What Was the Naxalite Movement?

Like Antifa, the Naxalite movement was mostly a band of college and university students led by radical professors, mostly an upper-middle-class crowd who could afford university education in the 1960s. The hub of the student-led movement was Calcutta University, one of the oldest, most prestigious, and British-established universities in India.

Like Antifa, the movement was not centrally organized, although a lot of students called themselves Marxist-Leninists and actively looked up to Mao Zedong for ideological guidance, even though they never got any genuine support from Beijing. It was comprised of different splintered student groups, with their own local grassroots organizations and chains of commands.

Like Antifa, they had a medical unit, a scouting party, an intel-gathering movement, and “armed struggle” groups. The movement had different regional party structures with broad ideological overlap, while individual methods were dependent on local and regional politics.

For example, Antifa in Seattle and Portland might not be formally connected, but they broadly use the same tactics, study each other’s failures and successes, have a similar command structure, and support each other over social media. That is exactly how it was in India in the early 1970s. Local Naxalites, whether in the east or south India, differed in rhetoric and local politics, which was catered to the specific region and state in question.

Yet they broadly shared a similar organizational set up as well as attack plans, of hit-and-runs, burning government properties, and killing policemen. Although policemen are working-class, just like with Antifa they were nonetheless deemed class enemies and part of the oppressive structure. The hypocrisy of university-educated upper-middle-class rebels committing violence that mostly affects working-class people doing their jobs is ever-present in any leftist armed movement.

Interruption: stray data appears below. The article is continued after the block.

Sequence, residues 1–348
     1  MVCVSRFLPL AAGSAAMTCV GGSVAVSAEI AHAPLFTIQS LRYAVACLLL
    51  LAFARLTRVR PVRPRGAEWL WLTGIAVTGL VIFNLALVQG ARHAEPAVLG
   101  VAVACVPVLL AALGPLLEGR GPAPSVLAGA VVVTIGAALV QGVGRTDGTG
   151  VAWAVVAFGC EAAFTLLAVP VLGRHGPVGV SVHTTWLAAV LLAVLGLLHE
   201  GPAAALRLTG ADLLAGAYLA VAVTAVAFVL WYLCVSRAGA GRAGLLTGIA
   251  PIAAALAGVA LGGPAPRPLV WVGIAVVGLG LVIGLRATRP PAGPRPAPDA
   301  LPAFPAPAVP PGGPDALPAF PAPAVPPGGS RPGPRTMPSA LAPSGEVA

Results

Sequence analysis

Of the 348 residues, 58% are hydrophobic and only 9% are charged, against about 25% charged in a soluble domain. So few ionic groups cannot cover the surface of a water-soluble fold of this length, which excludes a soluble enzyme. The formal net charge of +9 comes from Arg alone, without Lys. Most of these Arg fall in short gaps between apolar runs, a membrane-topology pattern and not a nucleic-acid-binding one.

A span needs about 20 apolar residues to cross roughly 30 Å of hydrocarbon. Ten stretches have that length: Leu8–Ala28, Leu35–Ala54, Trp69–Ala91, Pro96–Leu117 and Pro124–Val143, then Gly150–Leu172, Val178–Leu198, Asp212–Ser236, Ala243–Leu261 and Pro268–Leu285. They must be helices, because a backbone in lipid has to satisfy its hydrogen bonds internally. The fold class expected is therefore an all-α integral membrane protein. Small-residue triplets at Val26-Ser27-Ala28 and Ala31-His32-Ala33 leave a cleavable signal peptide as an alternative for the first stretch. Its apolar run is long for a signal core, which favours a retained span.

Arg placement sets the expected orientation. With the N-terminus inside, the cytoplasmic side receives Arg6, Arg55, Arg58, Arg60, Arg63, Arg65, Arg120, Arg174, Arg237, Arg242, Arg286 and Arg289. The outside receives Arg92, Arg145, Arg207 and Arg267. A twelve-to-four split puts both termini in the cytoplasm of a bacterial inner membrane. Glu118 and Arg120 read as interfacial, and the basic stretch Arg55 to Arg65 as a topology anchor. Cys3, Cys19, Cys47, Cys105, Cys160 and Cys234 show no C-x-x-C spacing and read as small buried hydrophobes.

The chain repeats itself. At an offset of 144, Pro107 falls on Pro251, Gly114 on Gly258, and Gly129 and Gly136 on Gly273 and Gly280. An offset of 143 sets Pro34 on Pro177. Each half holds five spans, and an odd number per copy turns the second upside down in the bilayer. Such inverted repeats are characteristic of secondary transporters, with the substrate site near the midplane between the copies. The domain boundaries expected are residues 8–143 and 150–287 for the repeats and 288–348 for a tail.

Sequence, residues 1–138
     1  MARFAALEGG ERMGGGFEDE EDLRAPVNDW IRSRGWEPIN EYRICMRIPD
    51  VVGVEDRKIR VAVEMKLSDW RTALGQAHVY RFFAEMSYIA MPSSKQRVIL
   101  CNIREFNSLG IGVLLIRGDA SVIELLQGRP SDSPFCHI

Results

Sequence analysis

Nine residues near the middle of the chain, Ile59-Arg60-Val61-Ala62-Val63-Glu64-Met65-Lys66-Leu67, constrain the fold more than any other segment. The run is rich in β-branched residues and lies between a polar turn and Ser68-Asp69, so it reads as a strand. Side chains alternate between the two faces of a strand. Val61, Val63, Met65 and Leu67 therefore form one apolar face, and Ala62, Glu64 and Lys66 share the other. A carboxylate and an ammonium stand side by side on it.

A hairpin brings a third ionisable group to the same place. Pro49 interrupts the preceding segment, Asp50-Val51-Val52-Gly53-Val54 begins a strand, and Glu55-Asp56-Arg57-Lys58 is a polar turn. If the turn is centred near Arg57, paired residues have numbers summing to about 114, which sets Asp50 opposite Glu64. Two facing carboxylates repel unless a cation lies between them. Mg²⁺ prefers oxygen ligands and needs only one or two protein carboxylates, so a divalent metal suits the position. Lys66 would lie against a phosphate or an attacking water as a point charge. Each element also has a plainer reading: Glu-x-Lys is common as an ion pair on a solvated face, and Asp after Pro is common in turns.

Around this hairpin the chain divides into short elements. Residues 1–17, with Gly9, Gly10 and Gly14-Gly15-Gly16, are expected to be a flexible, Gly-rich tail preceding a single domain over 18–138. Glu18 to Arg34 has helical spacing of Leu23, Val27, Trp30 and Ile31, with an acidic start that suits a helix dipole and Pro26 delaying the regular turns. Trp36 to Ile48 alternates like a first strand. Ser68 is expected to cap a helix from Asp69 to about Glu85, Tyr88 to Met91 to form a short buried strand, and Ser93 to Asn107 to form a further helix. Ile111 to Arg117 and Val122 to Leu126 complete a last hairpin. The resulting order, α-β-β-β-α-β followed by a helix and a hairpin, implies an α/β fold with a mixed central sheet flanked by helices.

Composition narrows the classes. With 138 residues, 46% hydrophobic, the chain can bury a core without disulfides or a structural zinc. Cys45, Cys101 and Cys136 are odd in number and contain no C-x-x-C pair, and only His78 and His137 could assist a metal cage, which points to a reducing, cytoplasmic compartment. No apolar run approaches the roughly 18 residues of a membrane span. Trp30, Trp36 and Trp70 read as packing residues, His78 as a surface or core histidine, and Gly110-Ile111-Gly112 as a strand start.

Elites Abusing and Abdicating Their Proper Roles

The Naxalite movement did not succeed. Just like the internal contradiction of elites pretending to be rebels opposed to nationalism and religion, it withered away and never got mass support. Every form of leftism, whether liberalism or Marxism, has always been about a vanguard movement, by “educated and enlightened elites” who think they can decide what’s good or bad for the hoi-polloi while pretending to be a mass movement.

There’s nothing wrong with being elites. Every society has some hierarchy, and both ancient aristocrats and Platonic epistocrats, for example, were openly elite-led. But the difference is in a left-winger pretending to be for the people while working against their interests and pressuring them to conform to his ideas. It ultimately becomes so blatant that it destroys any such left-wing movement from within.

Also, the republic of India cracked down brutally in the 1960s and ’70s, in a way that is unthinkable these days in either the United States or even India. Hundreds of students were killed in conflicts with local police; thousands were jailed for life. Thousands more reformed once they realized what they signed up for, or left the movement the moment there was an armed pushback from the state. Others were sent abroad by their rich parents. Like most middle-class citizens, counter-violence broke the back of pretentious rebels.

It is important for Americans, especially Republican lawmakers, to understand and study the Naxalite movement, as it provides a template to understand what is happening now. To think that disintegrated rebel movements without a central organization are not a threat to the republic is simply ahistorical.

It is also idiotic to deem them a movement without a structure. The structure is organic. It spreads, copies, and connects at a grassroots level. And it withers away the moment it faces a concerted political pushback. Whether they face that pushback is contingent on political will.

Sumantra Maitra is a doctoral researcher at the University of Nottingham, UK, and a senior contributor to The Federalist. His research is in great power-politics and neorealism. You can find him on Twitter @MrMaitra.